A data center typically has four components. Facility space, core hardware components, support infrastructure, and operations staff. Facility space includes all the building and other space required for operational efficiency. Core components include server racks, specialized flooring, NOCs (network operations centers), cable trays, etc. Support infrastructure is the equipment needed to maintain the highest levels of uptime. This includes uninterruptible power supplies (UPS), battery banks, diesel generators, substations, solar panels, HVAC systems, pollution control systems, and fire suppression systems. Operations staff are required to monitor and maintain all the data center equipment, safety & security, and other auxiliary functions.
Most data centers offer colocation services in which shared or private cabinet space is offered where businesses can place their IT equipment like switches, routers, and servers. Bigger data centers offer private cages and suites as well. Private suites are like giant private spaces within those data centers where businesses can place their cabinets and hardware according to their requirements. Data centers provide all the power, cooling, and connectivity services.
Moreover, data centers also provide bare metal servers. They are physical servers dedicated to a single tenant. The server’s users can optimize the server according to their availability, performance, and security needs. The alternative to a bare metal server is a hypervisor server, in which multiple users share a virtual server’s compute, storage and other resources.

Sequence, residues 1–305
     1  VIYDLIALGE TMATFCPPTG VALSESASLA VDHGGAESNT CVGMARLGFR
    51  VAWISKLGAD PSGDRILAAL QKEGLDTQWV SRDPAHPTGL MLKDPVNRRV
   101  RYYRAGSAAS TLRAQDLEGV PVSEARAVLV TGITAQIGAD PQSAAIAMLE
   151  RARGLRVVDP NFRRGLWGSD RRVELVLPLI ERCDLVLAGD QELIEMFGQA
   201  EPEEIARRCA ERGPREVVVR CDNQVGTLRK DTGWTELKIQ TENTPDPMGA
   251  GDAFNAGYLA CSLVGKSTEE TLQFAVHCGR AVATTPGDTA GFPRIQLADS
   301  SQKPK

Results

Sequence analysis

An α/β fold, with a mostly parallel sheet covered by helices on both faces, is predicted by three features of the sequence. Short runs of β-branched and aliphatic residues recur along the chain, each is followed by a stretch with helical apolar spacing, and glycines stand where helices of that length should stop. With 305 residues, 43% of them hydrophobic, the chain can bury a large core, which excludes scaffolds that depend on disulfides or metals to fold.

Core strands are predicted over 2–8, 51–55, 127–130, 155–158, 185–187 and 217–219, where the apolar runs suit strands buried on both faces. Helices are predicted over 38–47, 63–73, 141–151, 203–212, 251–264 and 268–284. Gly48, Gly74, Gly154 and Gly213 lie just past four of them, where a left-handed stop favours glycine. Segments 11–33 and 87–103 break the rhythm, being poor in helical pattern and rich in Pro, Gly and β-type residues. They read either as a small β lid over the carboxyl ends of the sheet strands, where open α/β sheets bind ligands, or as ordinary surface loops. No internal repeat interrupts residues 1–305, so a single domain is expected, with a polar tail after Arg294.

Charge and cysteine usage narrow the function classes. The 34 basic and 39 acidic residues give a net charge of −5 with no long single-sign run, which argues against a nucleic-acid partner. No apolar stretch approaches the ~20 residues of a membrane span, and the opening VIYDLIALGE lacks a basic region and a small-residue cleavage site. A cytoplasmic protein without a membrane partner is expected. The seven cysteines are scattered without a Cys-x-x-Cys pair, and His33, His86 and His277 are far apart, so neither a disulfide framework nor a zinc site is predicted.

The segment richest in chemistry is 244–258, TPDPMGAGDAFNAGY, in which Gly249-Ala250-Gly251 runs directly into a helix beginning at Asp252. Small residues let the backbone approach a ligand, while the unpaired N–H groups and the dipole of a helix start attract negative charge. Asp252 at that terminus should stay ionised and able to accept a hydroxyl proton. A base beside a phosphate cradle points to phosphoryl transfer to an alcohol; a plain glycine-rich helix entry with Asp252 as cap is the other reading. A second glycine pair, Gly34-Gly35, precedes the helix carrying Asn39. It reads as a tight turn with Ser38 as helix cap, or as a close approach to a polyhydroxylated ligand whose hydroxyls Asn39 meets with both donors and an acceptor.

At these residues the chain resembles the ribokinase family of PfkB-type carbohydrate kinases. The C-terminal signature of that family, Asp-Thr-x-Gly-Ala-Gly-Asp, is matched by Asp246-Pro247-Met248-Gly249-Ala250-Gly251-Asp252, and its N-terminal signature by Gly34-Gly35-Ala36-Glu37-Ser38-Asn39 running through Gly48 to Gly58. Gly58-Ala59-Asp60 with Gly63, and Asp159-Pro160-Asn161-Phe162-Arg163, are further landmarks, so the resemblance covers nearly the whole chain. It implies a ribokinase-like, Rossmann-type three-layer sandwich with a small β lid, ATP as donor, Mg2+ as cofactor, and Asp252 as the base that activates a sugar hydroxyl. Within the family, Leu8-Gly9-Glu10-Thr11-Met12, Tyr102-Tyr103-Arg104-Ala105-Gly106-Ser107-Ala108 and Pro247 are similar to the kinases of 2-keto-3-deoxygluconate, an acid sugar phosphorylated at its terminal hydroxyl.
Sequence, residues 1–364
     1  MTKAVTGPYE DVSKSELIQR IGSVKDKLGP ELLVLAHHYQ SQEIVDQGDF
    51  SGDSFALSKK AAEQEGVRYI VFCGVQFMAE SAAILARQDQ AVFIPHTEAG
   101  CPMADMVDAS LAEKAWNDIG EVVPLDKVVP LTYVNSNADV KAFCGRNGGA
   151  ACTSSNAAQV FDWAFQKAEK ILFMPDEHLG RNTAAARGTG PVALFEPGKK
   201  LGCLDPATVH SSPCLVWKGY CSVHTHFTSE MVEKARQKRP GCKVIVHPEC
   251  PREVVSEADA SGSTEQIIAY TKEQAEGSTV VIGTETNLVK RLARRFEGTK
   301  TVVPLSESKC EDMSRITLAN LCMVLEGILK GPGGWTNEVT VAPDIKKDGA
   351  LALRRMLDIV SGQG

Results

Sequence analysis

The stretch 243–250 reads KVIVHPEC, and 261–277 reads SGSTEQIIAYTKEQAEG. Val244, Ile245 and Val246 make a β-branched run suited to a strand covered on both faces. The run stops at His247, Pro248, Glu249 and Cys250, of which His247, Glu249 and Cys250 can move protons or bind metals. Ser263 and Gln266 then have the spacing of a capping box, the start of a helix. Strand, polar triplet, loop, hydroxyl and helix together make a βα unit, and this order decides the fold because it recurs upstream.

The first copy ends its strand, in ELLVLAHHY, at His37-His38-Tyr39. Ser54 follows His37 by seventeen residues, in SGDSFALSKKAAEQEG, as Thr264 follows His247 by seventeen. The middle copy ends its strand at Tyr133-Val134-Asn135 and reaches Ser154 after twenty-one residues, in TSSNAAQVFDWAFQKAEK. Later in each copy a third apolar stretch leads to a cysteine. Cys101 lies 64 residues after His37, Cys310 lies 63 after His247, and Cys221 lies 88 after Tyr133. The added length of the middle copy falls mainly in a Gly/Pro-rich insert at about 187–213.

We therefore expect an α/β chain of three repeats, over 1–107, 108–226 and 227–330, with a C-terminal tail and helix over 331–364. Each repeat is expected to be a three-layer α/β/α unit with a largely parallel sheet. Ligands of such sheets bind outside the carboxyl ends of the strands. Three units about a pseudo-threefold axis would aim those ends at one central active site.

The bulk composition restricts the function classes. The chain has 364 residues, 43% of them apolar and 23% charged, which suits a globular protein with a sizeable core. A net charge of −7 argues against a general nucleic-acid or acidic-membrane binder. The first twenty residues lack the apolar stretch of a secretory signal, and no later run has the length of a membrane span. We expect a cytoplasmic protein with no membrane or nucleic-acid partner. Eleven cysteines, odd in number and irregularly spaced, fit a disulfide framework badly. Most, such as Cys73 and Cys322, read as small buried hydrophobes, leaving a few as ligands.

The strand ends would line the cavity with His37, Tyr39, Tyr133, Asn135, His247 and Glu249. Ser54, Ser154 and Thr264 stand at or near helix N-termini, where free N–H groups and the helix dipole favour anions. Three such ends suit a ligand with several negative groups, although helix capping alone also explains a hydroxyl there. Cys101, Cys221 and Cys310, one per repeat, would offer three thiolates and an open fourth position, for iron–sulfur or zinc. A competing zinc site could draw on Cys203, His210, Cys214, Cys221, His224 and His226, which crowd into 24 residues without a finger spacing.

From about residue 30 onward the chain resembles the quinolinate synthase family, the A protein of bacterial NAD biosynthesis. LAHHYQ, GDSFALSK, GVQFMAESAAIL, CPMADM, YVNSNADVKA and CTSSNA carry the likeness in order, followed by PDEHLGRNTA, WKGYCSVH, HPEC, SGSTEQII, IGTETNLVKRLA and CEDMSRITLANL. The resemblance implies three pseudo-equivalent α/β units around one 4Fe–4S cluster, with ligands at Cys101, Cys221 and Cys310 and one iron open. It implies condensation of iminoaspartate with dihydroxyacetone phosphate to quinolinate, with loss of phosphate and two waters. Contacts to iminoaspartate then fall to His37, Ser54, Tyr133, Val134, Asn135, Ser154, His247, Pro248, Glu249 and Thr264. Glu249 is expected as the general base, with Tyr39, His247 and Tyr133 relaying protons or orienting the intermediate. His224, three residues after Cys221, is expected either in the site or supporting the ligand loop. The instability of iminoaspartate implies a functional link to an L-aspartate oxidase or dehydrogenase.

In managed services, the data center will monitor and handle your hardware colocated on their premises. In the unmanaged category, you, as a business owner, are responsible for managing your hardware.
Businesses are increasingly dependent on data for improving their service delivery and financial performance. This has led to the phenomenal growth of the data center industry. Governments worldwide incentivize the sector with generous tax breaks and exemptions, especially for those data centers powered by green energy. Technological developments are turbocharging this trend. Some of them are:
Cloud Storage: More and more applications are being set up and used in the cloud. Financial costs are reduced while productivity is increased, manifolds which have led to the development of huge colocation cloud-based data centers.
Internet-of-Things: IoT demands a high amount of computing and storage resources, leading to a growing need for data centers.
Submarine Cable projects: The world is connected using several submarine cable projects. These cables bring high-speed internet to far-flung areas where data centers act like distribution hubs.
Different agencies use different metrics to ascertain the costs of data centers. Some use cost per square foot, while others may use cost per megawatt (MW) capacity. You must know that the infrastructure costs take the bulk of the costs. This includes power generation and distribution framework (switchgear, UPS, diesel generators, HVACs etc.) Assuming a 100,000-square-foot facility, the cost per square foot comes between $280 and $350.
When it comes to cost/MW, the typical estimate for an enterprise data center cost is around $10 million and $12 million per megawatt. These costs are typically front-loaded onto the first few Megawatts and continue to decrease.